The School as Identity

Our last show of the semester was in Plainview, OK. For the small minority of people who may not know where that is, think Colorado. Seriously, it’s way out in the panhandle of Oklahoma, in the only county in the nation that borders 4 states: Colorado, Kansas, New Mexico, and Texas.

We did our show for 7 students and we performed for the entire student body. This was no one room school either, it was an actual school with cafeteria, classrooms, office, music room, etc. How can it still be open?

It turns out that there is an agricultural corporation that pays the taxes in the area–enough to keep the school open. This is no mean feat, a secretary, 2 teachers, an administrator, custodian, and lunch lady all need to be paid.

There could be several reasons that it remains open. My first thought was that noone wants to pay the transportation costs of taking students to schools from all around the countryside. There are only about 4 towns in the panhandle of any size at all: over 1,000 people. So, it figures that there should be some country schools.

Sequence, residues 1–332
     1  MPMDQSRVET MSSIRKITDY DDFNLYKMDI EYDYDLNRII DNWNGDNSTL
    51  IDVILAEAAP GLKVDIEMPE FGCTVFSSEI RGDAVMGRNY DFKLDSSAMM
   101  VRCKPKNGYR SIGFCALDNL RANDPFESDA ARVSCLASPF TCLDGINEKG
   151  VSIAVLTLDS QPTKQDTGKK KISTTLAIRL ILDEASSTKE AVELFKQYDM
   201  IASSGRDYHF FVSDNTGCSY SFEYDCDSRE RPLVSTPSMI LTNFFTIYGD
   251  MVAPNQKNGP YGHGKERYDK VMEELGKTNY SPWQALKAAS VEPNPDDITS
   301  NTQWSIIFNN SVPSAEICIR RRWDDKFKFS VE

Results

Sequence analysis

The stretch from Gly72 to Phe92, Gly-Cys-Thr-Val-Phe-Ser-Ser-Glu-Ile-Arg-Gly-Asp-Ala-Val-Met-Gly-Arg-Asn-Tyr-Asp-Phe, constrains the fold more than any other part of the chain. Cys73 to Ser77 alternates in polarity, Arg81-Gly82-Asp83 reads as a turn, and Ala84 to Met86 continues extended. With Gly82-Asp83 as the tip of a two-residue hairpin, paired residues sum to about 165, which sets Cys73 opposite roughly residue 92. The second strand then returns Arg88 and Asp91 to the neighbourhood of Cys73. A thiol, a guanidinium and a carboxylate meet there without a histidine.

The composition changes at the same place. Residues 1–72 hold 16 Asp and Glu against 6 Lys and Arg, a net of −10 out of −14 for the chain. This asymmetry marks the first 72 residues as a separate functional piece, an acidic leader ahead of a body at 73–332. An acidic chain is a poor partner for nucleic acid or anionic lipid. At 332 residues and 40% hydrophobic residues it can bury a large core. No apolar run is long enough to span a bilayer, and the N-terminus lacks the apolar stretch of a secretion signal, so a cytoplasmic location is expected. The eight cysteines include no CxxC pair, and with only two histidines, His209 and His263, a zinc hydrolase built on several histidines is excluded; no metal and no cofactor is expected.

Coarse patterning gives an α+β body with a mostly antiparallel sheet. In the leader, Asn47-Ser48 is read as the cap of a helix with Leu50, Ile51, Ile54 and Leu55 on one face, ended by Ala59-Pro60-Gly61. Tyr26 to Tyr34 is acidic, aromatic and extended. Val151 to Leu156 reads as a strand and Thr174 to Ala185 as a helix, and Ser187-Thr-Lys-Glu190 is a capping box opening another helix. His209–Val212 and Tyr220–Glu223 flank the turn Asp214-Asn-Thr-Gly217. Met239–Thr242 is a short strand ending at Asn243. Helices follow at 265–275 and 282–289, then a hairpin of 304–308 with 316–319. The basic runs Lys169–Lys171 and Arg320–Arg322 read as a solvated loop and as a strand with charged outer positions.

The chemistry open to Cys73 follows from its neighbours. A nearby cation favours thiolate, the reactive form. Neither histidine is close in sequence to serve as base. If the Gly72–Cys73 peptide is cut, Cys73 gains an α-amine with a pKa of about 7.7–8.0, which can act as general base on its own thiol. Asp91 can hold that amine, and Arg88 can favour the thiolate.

Talking to the faculty though, brought a different conclusion. They said the community doesn’t want it to go away. Since the state has very little to do with the school’s funding, I guess government has little say in the issue.

Coming from a large suburban school district myself, this concept of school as identity is a bit strange to me. In tiny communities, though, I suppose the school is a more powerful unifying force. It is sports, it is choir, it is often the one social entity that everyone participates in. It was kind of a nice thing to see.

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8 Comments

Filed under Education, geography, Social Behaviour

8 responses to “The School as Identity

  1. It’s certainly a better venue than church. Blake Stacey made a comment over at Pharyngula this morning that’s inspired me to write a story about a town where all the residents go to the school on Sunday mornings, and pass the plate for educational needs, rather than flush them down the toilet of the pastor’s wallet.